It would also be nice to have Eucharistic prayers that use more biblical language. When the Gospel reading is from Luke, the priest could use a Eucharistic prayer evoking the language and theology of Luke. A unique “preface” for each Sunday that picked up themes from the Scripture readings could also tie the Liturgy of the Word and the Liturgy of the Eucharist more closely together.

Other Eucharistic prayers might develop other themes — the church’s concern for the poor, or for justice, peace, healing and the environment. All of these new prayers would require beta testing before adoption. 

Kiss of peace

Originally, the kiss of peace occurred at the conclusion of the Liturgy of the Word, where it symbolized the agreement of the community to commit itself to what it had heard in the Scriptures. With proper explanation, it would be a good idea to provide this ancient practice as an optional alternative to its current place before Communion.

Fermentum

After the Lord’s Prayer, the priest breaks off a piece of the host and drops it into the cup. In ancient times bishops instead sent this piece, called the “fermentum,” to parishes in their dioceses, whose pastors would put it in their chalices as a symbol of communion.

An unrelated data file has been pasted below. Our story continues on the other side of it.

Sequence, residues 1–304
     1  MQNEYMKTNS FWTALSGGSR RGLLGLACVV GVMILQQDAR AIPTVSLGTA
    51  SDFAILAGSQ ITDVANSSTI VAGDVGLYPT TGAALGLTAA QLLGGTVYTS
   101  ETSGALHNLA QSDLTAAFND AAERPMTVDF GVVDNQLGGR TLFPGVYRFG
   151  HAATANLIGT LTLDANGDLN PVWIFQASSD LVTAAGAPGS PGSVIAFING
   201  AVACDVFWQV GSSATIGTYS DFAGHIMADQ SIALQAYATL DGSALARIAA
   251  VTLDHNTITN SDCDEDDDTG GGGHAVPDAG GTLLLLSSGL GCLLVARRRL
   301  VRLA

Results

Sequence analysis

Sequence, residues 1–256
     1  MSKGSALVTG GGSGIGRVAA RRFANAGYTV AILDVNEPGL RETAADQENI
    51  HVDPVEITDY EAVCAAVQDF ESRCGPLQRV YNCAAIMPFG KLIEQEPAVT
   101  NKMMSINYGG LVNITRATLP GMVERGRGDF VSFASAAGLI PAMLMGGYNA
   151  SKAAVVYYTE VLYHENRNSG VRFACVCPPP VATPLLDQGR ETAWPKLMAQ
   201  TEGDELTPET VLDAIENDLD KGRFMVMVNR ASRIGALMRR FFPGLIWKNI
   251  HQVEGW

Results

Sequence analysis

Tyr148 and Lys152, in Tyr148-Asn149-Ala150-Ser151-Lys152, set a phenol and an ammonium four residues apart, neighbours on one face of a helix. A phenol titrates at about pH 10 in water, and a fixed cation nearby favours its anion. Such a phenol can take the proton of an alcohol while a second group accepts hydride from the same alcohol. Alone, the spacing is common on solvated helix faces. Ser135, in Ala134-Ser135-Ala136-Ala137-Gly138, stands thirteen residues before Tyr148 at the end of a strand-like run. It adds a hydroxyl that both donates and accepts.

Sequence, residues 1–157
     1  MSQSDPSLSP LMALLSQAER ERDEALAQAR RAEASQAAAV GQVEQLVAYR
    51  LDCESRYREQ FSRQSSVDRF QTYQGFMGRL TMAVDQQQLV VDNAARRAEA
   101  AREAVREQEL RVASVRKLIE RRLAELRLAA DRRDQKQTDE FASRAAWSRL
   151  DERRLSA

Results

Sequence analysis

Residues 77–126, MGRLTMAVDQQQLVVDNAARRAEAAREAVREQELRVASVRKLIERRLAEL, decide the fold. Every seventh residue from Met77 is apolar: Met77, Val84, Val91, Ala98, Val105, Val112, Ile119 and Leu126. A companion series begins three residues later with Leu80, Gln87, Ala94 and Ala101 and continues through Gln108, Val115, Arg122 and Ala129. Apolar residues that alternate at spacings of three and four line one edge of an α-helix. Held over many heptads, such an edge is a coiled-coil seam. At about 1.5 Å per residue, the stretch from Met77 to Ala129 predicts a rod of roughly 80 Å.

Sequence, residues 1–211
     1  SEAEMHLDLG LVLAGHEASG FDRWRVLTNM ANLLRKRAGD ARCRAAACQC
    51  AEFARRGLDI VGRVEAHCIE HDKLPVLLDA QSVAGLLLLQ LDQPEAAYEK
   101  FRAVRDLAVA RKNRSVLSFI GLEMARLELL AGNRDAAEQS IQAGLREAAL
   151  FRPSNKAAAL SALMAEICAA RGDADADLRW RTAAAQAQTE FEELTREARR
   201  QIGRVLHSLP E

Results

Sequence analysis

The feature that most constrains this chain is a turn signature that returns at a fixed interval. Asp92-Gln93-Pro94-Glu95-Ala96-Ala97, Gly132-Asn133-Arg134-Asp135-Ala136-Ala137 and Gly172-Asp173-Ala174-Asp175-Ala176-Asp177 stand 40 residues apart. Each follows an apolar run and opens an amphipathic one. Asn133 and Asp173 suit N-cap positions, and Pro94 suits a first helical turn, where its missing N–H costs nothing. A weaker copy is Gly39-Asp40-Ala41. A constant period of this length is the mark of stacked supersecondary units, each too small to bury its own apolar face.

The practice could be revived during Holy Week, when the bishop could send the fermentum from Chrism Mass, in Holy Week, for pastors to drop in their chalices on Holy Thursday or Easter Sunday. On special occasions (perhaps Eucharistic Congresses), the pope could share fermentum with bishops around the world, who would place it in their chalices.

And as ecumenical relations improve, the pope might share the fermentum with the Ecumenical Patriarch or other Christian bishops. Popes have already shared episcopal rings and croziers with non-Catholic bishops; sharing the frementum would be a logical next step.

I doubt I will see many of these reforms in my lifetime, but we need to begin talking about the future of liturgical reform. The conversation will reveal what we think about Christ, the church and our place in the world.